A stroke in a baby -- even a big one -- does not have the same lasting impact as a stroke in an adult. A study led by Georgetown University Medical Center investigators found that a decade or two after a 'perinatal' stroke damaged the left 'language' side of the brain, affected teenagers and young adults used the right sides of their brain for language.
A first-of-its-kind sensor that sticks to the throat and measures speech and swallowing patterns could be a game-changer in the field of stroke rehabilitation.
A team of researchers at the University of Georgia's Regenerative Bioscience Center and ArunA Biomedical, a UGA startup company, have developed a new treatment for stroke that reduces brain damage and accelerates the brain's natural healing tendencies in animal models.
Being a short kid is associated with increased risk of having a stroke in adulthood, according to Danish research published in Stroke, an American Heart Association journal.
People over 65 years old may be increasing their stroke risk by taking anticoagulants for an irregular heartbeat if they also have chronic kidney disease, finds a new study led by UCL, St George's, University of London and the University of Surrey.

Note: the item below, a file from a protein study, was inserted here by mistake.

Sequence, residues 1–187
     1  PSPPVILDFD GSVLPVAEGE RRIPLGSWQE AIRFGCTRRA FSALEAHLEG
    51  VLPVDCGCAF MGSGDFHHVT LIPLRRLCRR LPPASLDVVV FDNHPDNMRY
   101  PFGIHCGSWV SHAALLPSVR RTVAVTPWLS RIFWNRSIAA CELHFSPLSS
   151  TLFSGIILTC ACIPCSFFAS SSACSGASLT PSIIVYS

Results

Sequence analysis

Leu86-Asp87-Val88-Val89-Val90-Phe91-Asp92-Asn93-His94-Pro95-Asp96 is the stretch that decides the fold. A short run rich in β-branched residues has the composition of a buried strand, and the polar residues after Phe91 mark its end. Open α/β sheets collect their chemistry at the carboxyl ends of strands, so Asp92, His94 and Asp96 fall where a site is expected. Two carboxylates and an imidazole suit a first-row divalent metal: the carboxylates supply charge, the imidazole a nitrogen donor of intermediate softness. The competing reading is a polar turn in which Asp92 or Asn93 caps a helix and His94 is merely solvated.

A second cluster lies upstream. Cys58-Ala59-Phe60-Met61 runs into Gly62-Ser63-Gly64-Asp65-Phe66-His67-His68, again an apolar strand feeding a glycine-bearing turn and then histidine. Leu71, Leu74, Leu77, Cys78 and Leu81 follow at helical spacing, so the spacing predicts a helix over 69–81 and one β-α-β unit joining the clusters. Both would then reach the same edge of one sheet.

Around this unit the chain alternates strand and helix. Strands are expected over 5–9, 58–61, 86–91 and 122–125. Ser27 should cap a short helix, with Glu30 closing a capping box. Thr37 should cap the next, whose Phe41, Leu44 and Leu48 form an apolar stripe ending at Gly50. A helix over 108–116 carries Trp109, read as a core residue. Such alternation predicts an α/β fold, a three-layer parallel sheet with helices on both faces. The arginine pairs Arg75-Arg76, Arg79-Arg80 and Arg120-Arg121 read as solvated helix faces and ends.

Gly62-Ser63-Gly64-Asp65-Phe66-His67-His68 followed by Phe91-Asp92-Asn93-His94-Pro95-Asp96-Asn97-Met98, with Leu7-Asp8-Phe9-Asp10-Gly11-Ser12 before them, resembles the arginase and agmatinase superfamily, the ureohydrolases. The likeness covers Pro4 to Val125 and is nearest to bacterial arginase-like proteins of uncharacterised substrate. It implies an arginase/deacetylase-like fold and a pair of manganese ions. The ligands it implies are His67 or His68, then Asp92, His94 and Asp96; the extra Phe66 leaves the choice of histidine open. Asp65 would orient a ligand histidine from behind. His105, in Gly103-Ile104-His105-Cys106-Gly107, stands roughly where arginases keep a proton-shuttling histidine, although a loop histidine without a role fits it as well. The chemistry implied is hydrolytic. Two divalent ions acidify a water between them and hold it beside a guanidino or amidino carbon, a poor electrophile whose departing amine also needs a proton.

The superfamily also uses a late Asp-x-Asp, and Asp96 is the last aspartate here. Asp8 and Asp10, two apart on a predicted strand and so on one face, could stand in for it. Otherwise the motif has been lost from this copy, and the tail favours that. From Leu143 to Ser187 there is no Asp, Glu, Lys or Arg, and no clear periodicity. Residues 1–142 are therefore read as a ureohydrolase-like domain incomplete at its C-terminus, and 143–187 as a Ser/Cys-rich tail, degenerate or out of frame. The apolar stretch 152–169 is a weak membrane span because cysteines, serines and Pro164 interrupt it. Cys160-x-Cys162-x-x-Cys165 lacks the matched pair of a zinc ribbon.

A joint research by the Basque research center BCBL and the London Imperial College reveals that, after a cerebral infarction, injuries in areas that control attention also cause motility problems. The authors propose to complement physiotherapy with another type of cognitive training, such as video games.
If you don't have the time or money for aerobic and resistance training, why not try climbing the stairs? A new study demonstrates that stair climbing not only lowers blood pressure but also builds leg strength, especially in postmenopausal women with estrogen deficiencies who are more susceptible to vascular and muscle problems. The study results are published online today in Menopause, the journal of The North American Menopause Society (NAMS).
New research published in the Journal of Physiology could open the door to new therapies to improve the movement of arms and hands of stroke survivors.
A simple toolkit of checklists, education materials and feedback reporting improved the quality of care, but not outcomes, in a group of 60 hospitals in south India, according to a Northwestern Medicine study published in JAMA.
People with a mutated ATF6 gene have a malformed or missing fovea, the eye region responsible for detailed vision. From birth, vision is severely limited, and there is no cure. UC San Diego School of Medicine researchers were the first to link ATF6 to this type of vision impairment. Now, in a study published Feb. 13 in Science Signaling, the team discovered that a chemical that activates ATF6 converts patient stem cells into blood vessels.